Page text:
Published 12:00 am Thursday, May 17, 2007

For many young people who enlist in the military out of high school or soon afterward, one of the major attractions of signing up with Uncle Sam is the promise that the GI Bill will pay their future education bills.
But enlistees are finding that the reality often doesnt live up to the recruitment spiel. Just as rising college costs have outstripped family budgets, theyve also eroded the buying power of the government program that once covered most, if not all, of a veterans college expenses.
When the GI Bill was enacted in 1944, it was a remarkably successful program that sought to head off massive unemployment among returning troops by enabling them to further their education. In addition to offering tuition payments, it provided unemployment checks and home-loan guarantees. It was a great deal for the Greatest Generation, many of whom became the first members of their family to attend college. In turn, the nation reaped the benefit of rising expectations and education levels, which helped fuel post-war economic growth.
The GI Bills promise pretty much held true through the Korean and Vietnam war eras, thanks to relatively stable education costs and periodic adjustments in benefits.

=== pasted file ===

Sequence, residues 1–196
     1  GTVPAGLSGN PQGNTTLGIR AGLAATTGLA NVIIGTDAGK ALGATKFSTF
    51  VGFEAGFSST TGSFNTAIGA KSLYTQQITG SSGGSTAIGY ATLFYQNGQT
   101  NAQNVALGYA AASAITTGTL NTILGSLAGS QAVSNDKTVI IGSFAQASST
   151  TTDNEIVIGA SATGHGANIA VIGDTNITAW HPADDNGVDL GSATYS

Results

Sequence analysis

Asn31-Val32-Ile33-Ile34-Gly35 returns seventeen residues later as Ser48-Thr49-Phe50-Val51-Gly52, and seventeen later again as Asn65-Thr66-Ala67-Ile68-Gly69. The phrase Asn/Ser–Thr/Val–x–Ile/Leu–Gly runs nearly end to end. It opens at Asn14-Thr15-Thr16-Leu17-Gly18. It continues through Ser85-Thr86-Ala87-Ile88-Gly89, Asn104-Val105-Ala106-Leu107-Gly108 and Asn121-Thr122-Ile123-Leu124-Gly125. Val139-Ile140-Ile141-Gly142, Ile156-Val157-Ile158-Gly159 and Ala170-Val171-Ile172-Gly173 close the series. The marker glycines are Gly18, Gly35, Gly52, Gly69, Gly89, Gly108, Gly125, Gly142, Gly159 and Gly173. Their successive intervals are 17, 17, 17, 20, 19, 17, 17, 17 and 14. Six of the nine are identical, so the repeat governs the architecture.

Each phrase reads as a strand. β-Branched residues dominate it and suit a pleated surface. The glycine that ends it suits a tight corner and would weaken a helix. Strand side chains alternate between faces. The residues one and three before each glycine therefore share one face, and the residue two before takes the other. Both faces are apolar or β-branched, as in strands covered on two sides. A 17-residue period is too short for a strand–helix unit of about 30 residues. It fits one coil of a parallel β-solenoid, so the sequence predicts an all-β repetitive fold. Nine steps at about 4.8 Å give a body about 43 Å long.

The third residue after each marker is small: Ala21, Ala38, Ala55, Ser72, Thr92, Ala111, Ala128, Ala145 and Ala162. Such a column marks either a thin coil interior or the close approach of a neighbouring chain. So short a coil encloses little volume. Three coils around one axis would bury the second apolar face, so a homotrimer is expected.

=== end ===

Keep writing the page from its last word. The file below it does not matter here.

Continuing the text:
But its a different world now. While the benefits account for a substantial chunk of education aid $2.76 billion last year in most cases, a veterans benefits fall far short of paying his or her college tab. According to recent College Board calculations, the current maximum benefit of about $9,000 a year would cover 60 percent of the average cost of tuition, living expenses, books and fees at a typical four-year public college.
Thats not an insignificant stipend, and many civilian students might envy such aid when theyre trying to juggle part-time jobs and full-time course work, while accumulating tens of thousands of dollars in loans. Yet, is partial fulfillment of a debt the best the nation can do for those who offer the full measure of patriotic duty?
Furthermore, because full GI benefits extend only to active-duty personnel, the education deficit is even worse for a large segment of our fighting forces. National Guard members and reservists whove borne a great deal of the combat in Iraq and Afghanistan receive lower benefits. That acts as a disincentive for the bright, ambitious young people needed to fill the ranks in the future. And, as with recent disclosures about substandard care in the VA health system, it calls into question the nations basic commitment to supporting our troops once they leave the trenches.
These are inequities that should command our attention and action. Bills pending in Congress would address some of these issues, including a proposal by Sen. Jim Webb (D-Va.), a former Marine, to expand the GI college benefit and offer a modest monthly stipend. Another measure would give equal benefits to Guard members and reservists, a change surely in keeping with the sacrifices they are called to make. While it may not be feasible for todays GI benefits to be as comprehensive as those available half a century ago, the nation can and should do better by its veterans.